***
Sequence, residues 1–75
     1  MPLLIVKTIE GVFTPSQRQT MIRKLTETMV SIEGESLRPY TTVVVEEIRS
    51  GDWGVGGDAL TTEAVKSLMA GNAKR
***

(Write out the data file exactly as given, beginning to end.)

Sequence, residues 1–75
     1  MPLLIVKTIE GVFTPSQRQT MIRKLTETMV SIEGESLRPY TTVVVEEIRS
    51  GDWGVGGDAL TTEAVKSLMA GNAKR